Rainbow fairy house with bronze base

If you start with a bold base colour such as red, blue, green, etc you have already limited what colours will work well on top and the final pieces can look a bit ‘flat’ and lacking in depth.

Fabric sculpted bottles by Curiously Contrary
The bottle on the left has green Powertex as the base colour, the middle bottle has black and the bottle on the right has a terracotta base. I think the middle bottle appears to have much more depth than the other two which look a little ‘flat’.

2. Depth vs Brightness

The thing I love most about fabric sculpting is the textures and depth that can be created. To create the illusion of greater depth, the colours within the folds of the fabric should be as dark compared to the top of the folds.

Therefore black and bronze Powertex will give you the appearance of greater depth. My preference is bronze as I like the warmth that it creates.

Rainbow dragon treasure chest by Abigail Lagden
This dragon’s treasure chest uses a bronze base colour, creating lots of depth.

Feeling grey?

To achieve a slightly lighter/brighter feel I use the lead Powertex. Whilst it loses just a little of the depth that bronze creates, the lighter base colour lifts the overall brightness of the piece.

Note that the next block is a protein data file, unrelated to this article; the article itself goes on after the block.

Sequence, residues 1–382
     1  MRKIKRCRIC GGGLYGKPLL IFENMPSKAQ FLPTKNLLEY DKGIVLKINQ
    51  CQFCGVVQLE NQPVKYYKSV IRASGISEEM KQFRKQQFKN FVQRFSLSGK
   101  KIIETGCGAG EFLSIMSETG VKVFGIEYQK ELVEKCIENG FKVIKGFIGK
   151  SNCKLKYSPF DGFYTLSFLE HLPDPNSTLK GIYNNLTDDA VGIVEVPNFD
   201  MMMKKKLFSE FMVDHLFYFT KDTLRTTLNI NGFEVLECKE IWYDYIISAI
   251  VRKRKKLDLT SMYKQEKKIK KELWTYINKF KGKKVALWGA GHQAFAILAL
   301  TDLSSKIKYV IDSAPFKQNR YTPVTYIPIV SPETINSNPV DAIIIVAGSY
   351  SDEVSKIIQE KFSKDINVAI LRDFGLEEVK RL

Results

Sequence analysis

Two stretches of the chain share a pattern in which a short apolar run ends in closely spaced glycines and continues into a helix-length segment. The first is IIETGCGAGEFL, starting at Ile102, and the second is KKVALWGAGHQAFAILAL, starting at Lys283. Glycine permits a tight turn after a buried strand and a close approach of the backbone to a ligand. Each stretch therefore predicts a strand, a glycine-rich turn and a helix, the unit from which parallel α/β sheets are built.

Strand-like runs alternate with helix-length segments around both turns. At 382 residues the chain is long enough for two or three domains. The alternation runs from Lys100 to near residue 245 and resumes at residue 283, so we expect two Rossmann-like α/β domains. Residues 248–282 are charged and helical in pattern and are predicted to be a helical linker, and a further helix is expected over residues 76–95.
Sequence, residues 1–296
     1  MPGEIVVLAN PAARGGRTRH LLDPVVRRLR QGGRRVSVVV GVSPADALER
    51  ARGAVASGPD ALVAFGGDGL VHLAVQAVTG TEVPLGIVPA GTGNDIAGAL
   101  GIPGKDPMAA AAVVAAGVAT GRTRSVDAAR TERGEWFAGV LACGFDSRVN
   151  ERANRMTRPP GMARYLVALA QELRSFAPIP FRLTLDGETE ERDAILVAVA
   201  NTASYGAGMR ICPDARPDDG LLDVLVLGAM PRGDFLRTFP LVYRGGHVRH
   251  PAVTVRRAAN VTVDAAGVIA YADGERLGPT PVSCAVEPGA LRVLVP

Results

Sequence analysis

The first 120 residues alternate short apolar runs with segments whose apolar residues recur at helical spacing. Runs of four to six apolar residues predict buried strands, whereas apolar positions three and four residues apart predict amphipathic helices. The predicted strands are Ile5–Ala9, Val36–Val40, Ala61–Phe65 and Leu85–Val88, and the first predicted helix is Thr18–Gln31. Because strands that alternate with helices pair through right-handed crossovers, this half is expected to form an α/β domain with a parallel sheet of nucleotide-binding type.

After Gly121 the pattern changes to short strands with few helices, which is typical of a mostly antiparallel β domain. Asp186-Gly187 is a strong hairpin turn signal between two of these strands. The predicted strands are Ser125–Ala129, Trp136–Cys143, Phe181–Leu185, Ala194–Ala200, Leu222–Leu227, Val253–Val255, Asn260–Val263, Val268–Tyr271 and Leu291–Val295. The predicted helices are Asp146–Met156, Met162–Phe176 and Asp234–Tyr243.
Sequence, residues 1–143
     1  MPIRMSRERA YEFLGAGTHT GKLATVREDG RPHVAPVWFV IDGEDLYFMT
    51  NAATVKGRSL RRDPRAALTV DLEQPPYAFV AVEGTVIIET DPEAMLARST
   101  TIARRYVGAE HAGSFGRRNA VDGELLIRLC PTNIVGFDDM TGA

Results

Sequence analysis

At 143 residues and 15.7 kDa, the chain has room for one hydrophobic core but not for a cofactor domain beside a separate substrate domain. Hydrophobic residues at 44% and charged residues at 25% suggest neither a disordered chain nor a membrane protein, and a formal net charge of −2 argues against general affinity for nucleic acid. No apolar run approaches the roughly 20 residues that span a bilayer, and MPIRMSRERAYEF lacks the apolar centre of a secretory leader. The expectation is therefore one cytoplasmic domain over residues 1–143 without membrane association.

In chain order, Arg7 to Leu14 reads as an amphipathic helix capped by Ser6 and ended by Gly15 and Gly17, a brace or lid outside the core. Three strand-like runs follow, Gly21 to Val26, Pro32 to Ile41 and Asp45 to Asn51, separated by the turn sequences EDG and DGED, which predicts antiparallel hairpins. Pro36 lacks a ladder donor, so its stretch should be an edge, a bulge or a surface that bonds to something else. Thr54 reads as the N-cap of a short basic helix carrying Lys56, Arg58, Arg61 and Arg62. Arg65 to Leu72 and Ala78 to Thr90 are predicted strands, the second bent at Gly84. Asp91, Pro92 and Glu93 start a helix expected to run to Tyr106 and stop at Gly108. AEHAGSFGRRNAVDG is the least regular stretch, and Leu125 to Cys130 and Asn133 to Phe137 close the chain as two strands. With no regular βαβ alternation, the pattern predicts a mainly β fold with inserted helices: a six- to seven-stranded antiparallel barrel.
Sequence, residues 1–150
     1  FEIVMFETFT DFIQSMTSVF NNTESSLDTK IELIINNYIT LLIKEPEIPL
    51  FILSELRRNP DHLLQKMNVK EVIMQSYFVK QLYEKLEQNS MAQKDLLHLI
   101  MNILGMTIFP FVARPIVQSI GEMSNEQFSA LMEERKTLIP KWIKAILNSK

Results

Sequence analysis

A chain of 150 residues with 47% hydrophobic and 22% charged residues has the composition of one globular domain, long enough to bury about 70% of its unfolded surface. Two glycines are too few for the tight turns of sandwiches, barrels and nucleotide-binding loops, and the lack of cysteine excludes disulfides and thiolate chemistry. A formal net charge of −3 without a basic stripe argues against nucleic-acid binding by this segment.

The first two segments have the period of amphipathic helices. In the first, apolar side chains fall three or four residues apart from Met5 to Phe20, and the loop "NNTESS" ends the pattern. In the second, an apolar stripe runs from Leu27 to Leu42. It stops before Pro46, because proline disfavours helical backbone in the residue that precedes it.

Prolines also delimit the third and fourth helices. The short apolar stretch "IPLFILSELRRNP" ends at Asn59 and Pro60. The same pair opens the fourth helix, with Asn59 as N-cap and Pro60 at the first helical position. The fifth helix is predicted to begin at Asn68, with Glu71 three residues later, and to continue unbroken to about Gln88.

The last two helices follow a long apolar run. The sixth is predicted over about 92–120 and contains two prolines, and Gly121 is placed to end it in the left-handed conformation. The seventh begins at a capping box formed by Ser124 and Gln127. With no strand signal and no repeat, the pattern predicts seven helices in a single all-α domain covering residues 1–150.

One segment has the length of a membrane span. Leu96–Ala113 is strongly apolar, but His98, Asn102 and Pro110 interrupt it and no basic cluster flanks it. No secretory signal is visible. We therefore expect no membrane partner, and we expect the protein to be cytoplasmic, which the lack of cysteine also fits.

Sea themed treasure chest by Curiously Contrary using Lead Grey Powertex Fabric Hardener
This sea-themed treasure chest has a lead base colour giving it a lighter, brighter feel.

Here are a few more of my creations to demonstrate the colours that can be achieved using black, bronze and grey Powertex with powercolor pigments :

Blue bird box by Curiously Contrary
Bird box created using lead Powertex with ultramarine blue and turquoise Powercolor pigments
Bird box created using bronze Powertex and a rainbow of Powercolor pigments
Feeling grey? Using Lead grey Powertex Fabric Hardener by Abigail Lagden
Business card holder created for ‘The Ugly Duckling’ using lead Powertex with lilac and ultramarine blue Powercolor pigments
Custom made business card holder made using black Powertex with red and burgundy Powercolor pigments

See more uses of bronze and lead Powertex in my previous articles. I used Bronze Powertex for my Steampunk Top Hat and lead Powertex for my Storage Caddy.

What are you favourite colour combinations? Let us know in the comments.

Curiously Contrary

Many of my creations are available to purchase and I also make customised pieces and take commissions. If you’d like to see where in the north east of England I’ll be with my creations over the summer, pop across to my Curiously Contrary website or facebook page.

Until next time, Abs xx